What is a Metatarsal Fracture?
A metatarsal fracture occurs when one of the long bones in your foot is broken.
Each foot has 5 metatarsal bones that are the ones that connect your ankle to your toes.
Metatarsal bones keep your balance when you stand and walk.
A metatarsal fracture is the most common fracture in foot bones and it has the following epidemiology:
- First metatarsal fracture: around 5%
- Second metatarsal fracture: around 10%
- Third metatarsal fracture: around 15%
- Fourth metatarsal fracture: between 10 and 15%
- Fifth metatarsal fracture: more than 50%
- Multiple metatarsal fractures: around 15%
What may cause a metatarsal fracture?
There is some category of people that are at higher risk of developing a metatarsal fracture such as:
- People who practise a sport like jogging, dance, gymnastics
- Obese people
- People with other underlying conditions such as osteoporosis, rheumatoid arthritis, diabetes have an increased risk of developing metatarsal fractures.
Most of the metatarsal fracture is caused by a direct injury on the foot:
- someone stepping on your foot or kicking it
- twisting the foot or the ankle, for example, landing from a jump
- falling on to the foot
A metatarsal fracture may be caused also by repeated stress to the foot.
Stress fractures typically occur in people who run for long distances, such as runners who increase their mileage or run in poor footwear.
Do ageing and osteoporosis make a metatarsal fracture more likely?
Metatarsal fractures are common in pediatric patients and account for around 60% of all pediatric foot fractures. This is also due to the fact that they are more likely to be involved in sports activities.
However, as we become older our metatarsal bones may weaken and become thinner because of osteoporosis.
In this case, supportive footwear may help in decreasing the risk of a fracture.
Metatarsal fracture symptoms
The first symptom is pain that sometimes increases when putting full weight on the foot.
Tenderness to the touch is another typical symptom.
The pain is like a “pinpoint pain” because it is usually well localised at the site of injury.
An acute metatarsal fracture may also make an audible sound.
Other typical signs may be:
- bruising and swelling
- difficulty putting weight on the affected foot.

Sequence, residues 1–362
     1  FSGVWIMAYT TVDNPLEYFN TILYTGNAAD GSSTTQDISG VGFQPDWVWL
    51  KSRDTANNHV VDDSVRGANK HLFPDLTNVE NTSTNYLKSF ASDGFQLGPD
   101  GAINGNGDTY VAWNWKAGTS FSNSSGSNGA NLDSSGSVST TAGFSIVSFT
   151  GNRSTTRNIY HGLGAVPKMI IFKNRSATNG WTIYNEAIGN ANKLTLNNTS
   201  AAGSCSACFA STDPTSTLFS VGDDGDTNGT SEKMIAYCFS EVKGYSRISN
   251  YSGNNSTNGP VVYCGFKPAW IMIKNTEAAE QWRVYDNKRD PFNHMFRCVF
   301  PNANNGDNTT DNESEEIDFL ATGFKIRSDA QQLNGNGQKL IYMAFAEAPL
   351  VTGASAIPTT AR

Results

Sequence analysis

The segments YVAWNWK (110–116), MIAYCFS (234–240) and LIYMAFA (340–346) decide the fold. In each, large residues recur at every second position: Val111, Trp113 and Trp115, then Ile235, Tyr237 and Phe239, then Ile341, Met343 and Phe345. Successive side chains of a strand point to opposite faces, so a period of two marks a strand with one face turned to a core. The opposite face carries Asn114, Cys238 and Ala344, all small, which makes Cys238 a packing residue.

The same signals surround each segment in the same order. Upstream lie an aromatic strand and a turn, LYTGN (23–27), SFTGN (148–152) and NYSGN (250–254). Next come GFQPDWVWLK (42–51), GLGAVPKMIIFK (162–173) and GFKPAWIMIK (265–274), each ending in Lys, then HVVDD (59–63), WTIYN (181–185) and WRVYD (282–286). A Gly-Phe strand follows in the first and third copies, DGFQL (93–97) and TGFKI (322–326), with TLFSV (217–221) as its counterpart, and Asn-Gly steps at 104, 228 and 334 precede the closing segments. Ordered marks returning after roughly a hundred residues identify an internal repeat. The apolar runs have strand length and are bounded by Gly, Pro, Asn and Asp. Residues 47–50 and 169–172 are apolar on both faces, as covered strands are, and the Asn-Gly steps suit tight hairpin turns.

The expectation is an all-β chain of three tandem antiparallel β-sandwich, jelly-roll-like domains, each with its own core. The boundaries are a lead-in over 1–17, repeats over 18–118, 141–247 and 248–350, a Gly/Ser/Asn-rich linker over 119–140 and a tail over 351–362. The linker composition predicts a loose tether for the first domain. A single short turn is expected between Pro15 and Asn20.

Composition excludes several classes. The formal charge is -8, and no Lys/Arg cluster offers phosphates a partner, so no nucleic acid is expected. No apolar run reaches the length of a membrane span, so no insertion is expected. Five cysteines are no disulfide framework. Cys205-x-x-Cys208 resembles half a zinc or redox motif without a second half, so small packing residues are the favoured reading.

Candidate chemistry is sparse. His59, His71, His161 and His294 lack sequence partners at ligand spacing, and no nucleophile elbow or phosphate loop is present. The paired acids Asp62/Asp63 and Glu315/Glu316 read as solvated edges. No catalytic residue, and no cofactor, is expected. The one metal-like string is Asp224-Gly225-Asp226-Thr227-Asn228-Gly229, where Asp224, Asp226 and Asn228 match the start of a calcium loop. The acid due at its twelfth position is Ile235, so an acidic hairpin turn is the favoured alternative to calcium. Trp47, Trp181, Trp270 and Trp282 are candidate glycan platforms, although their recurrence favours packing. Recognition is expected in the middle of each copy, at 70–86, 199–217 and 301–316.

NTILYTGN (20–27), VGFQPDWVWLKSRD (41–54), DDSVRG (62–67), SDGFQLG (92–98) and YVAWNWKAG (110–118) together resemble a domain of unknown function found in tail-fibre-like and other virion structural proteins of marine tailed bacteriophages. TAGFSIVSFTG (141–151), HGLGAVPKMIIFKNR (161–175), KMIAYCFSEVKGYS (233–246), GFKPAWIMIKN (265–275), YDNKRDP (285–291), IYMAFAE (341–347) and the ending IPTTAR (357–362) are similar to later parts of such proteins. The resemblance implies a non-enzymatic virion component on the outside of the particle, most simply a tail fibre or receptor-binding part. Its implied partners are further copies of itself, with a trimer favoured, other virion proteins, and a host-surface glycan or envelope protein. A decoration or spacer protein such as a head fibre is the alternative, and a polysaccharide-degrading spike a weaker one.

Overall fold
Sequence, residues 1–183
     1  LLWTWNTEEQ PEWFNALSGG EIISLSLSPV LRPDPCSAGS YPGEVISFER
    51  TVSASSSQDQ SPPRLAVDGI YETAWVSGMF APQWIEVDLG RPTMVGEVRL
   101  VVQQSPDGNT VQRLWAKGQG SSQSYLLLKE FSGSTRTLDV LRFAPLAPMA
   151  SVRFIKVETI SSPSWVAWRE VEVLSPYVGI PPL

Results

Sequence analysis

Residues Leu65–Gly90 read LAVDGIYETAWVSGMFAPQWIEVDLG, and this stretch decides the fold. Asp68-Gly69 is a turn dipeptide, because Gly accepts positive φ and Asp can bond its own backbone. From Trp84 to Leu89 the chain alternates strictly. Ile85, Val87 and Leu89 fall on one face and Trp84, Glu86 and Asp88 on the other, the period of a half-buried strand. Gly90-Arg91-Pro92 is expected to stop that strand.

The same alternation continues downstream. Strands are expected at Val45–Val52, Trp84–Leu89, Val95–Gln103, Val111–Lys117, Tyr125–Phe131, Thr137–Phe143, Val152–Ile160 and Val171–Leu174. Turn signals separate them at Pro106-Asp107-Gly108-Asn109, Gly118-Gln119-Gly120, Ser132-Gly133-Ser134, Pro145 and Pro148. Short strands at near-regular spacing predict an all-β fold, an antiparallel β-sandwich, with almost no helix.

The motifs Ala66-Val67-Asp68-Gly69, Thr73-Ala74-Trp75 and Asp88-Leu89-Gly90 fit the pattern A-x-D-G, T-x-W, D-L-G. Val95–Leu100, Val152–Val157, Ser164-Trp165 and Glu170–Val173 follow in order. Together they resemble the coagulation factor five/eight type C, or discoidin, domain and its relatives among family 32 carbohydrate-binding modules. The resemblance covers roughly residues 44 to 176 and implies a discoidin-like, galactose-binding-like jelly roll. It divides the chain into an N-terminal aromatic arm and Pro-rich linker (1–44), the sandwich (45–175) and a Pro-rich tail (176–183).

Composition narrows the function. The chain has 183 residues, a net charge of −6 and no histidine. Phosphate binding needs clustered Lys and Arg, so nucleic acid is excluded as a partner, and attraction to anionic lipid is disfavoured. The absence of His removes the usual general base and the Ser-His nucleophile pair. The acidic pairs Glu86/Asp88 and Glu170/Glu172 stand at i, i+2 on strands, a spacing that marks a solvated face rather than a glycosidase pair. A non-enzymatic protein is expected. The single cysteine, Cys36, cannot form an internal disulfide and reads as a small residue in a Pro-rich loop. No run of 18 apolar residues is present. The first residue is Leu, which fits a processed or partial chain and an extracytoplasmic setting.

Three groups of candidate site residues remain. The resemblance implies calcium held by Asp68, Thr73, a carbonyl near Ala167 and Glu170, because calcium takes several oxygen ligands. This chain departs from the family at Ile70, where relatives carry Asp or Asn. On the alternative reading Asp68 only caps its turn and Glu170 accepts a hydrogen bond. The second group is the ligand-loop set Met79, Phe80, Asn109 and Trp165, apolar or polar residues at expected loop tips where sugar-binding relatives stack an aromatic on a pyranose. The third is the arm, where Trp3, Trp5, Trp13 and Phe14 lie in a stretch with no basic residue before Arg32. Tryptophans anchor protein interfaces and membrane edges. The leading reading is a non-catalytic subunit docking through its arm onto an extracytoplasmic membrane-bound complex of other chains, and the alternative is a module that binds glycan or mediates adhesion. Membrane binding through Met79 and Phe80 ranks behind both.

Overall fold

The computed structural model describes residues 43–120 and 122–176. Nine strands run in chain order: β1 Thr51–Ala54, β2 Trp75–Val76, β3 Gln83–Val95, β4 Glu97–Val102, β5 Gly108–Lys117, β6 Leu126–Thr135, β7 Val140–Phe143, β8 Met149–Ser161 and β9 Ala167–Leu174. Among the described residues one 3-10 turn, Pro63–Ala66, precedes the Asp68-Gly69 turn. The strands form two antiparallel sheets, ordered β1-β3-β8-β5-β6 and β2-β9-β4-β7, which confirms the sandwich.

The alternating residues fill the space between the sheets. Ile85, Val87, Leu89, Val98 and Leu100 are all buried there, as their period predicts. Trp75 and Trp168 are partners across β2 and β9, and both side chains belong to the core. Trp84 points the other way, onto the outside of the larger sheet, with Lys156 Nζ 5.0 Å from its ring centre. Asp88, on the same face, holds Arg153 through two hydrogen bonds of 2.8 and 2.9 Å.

If the metatarsal fracture is a repetitive strain injury there is usually no usually no bruising and no cracking sound.
Also, people with a stress fracture may be able to walk for some time, while pain increases day by day.
Metatarsal fracture diagnosis
You should see an orthopedic surgeon if you suspect that you have a metatarsal fracture.
The doctor may order some test such as X-ray, CT scan, MRI (magnetic resonance imaging) in order to determine if the fracture is displaced suggest the best treatment.
Stress fractures may not show up easily on x-rays if they are small.
Treatment of metatarsal fractures
Treatment depends on:
- Which metatarsal bone is fractured and which part of the bone is injured.
- How severe the damage is (Whether the fractured bone is displaced or not)
- Whether it is an open fracture (that involves also the tissues of the foot) or not.
The basic first aid tips are as follow:
- Relief pain with anti-inflammatory drugs such as paracetamol or ibuprofen
- Apply ice as soon as possible for 10-30 minutes
- Rest and keep the foot up in order to reduce swelling
Treatment can be conservative or operative.
Conservative treatment is preferred when there is a multiple metatarsal fracture without dislocation.
In this case a short leg cast may be applied for a few days. The leg cast can be replaced by a specific brace for several weeks.
Rehabilitation and walking therapy are fundamental for a full recovery.
In case of an acute metatarsal fractures it takes around six to eight weeks to heal.
While a stress fractures normally heal without complications from six to twelve weeks and then it is possible to gradually start again your normal activities including sport.
Prof. Nicola Portinaro’s experience.
Prof. Portinaro is has been treating metatarsal fractures and foot fractures in general for more than 30 years.